How Often Should I Brush My Dogs Teeth?
Knowing that dental care is essential for my pet dog, it has helped me in having a schedule for its personal hygiene. How often do I need to brush my dog's teeth was one challenge to deal with when I got ‘Twinkle'.
Dogs get affected more often by diseases. The gum inflammation happens when food bits accumulate on the teeth, leading to bacterial accumulation. Gingivitis, Tart and plaque build-up are others that affect the dogs dental. Not forgetting the bad odor from its mouth.
So generally I brush my dog's teeth 2 times a day. It is used to the TLC routine and always looks forward to the dental clean-ups.
Why Brushing Your Dog's Teeth Is Important
My dog's grooming is important not only the fur and paws but the teeth and general dental health.
This helps the dog fight dental issues like:
Brushing my dog's teeth will reduce the damage of the internal organs as it curbs the circulation of bad bacteria. When the toxins from oral diseases get absorbed in the dog's bloodstream, it leads to damage of the kidneys, liver, and heart. This fatally damages the dog's internal organs.
So how often do I need to brush my dog's teeth is dependent on how healthy I need my dog to be. It will save me some dimes eventually as good care costs less.
With daily brush up I will notice any problem cropping in leading to early detection of infections and curbing them quickly. This will also help me recognize in advance the worn out teeth and other symptoms. Dogs often hide their pain. But with brushing their teeth often you notice all the developments.
Brushing the dog's teeth increases its lifespan as well as confidence. And the best applicable cure for any dental problem is nothing else but prevention.
How Often Should You Brush Your Dog's Teeth?
This has been a debatable question for a while now. Some people prefer daily, others weekly and after every fortnight, depends on one's priorities and preference.
For my dog, since it was a puppy, I chose to brush it once a day in the evenings and a dental check-up every quarter in a year.
My schedule cannot give me the opportunity to clean my twinkle 2 times a day. But you bet the one time I brush its teeth in the evenings I do a thorough job. It is a journey I embarked on to avoid it from getting oral diseases. The dog too has adapted well to the daily routine. Brushing it once a day prevents plaque from forming. It needs 24 hours to start lining the teeth. This also breaks the formation of bio-films.
How to Brush Your Dog's Teeth
First, check the dog's mouth for any sign or traces of dental disease. In case of painful mouth sores that will make brushing the teeth a hard task due to pain and irritation.
Let the task be a positive one by praising the dog during the whole process, with encouragement through all step.
Get the dog to settle in comfortably and have the right toothpaste and toothbrush.
Slowly massage the chin, outside upper jaw and lower jaw in a slow circular motion, then back and forth motion.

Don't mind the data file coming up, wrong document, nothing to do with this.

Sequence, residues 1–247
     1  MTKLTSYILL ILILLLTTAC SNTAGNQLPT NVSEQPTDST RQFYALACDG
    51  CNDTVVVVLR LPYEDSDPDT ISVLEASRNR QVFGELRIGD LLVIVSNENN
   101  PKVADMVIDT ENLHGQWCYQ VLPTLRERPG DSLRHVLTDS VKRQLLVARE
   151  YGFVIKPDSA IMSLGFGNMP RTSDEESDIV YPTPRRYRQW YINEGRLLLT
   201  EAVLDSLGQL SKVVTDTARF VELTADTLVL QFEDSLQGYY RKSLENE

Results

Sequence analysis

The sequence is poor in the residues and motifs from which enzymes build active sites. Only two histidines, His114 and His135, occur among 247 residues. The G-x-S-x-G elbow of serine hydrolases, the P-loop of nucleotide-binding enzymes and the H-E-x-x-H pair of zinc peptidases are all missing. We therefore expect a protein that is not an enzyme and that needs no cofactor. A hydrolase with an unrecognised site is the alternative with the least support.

Once you notice it is comfortable with the touch then proceed to step 2.
Let the dog lick some toothpaste as it is within its comfort zones. Using a soft cloth with the toothpaste, rub it over the dog's teeth gently and around the gum. Lining it well with the paste. Be careful it does not bite the fingers.
You may ask, what should I brush my dog's teeth with? Well, look for soft bristled brushes. Using a soft toothbrush add toothpaste and brush the teeth and gum all the way to the back of the mouth. Keep encouraging the dog as you do the brushing giving it breaks in between. Brush both lower and upper, then on the outside surface.
Brush on the inside part of the dog's mouth. Start with the smaller areas as you move towards the larger parts. Then brush the tongue as well as it helps control tartar.
Let it lap on the water to freshen the mouth paste. Equally, check for any dental disorder at this point.
Should the dog become stubborn is brushing teeth, give it a chew toy that gets the cleaning halfway done.
Take it for dental check-ups frequently.
Watch the videos to learn How to Brush Your Dog's Teeth Perfectly
Tips for Dog Dental Care
Here are some tips for dental care for dogs that you should know if you have a dog at home.
A visit to the vet
- Have dental check-ups for the dog on a quarterly basis or as per personal preference. Lots of dogs develop a dental disease that may require treatment.
- Should you notice that the dog has unusual odors, the dog behaving strangely and unusual dental inflammation, kindly see a vet immediately.
- The vet can do a thorough clean-up on the dog's teeth too.
Brush your pet's' teeth as early
- When a dog is young it is easier to train it on oral hygiene. As much as you take care of your teeth, the same applies to the dog. Have a routine to do the clean-up and always reward the dog. Eventually, it will fit in well to the routine by the time it is fully grown. Saving you the fighting battles.
- Feed the dog the right foods and treats. Especially the foods that enhance dental hygiene. They help in the cleaning of the teeth and massaging of the gums.
Toothpaste and brush
- Always get the right dog toothpaste and brush. Don't use human ones as they have additives not suitable for the dog. The dog's brushes should be of soft material and one that brushes in all areas.
Now you know, don't ask how often you need to brush your dog's teeth. Just as hygiene is important to you so is the dog's dental hygiene.
Many are the times we just concentrated with the fur cleanliness. It both an internal and an external affair.
Pet dogs best friends are humans and the feel our pain, so let's share in their pain as well. Often we cry buckets when the dog dies or gets lost. Let's treat them much more. Pet grooming is the overall well being of the pet both emotionally and physically. And an early start to all this the better flow for the two of you.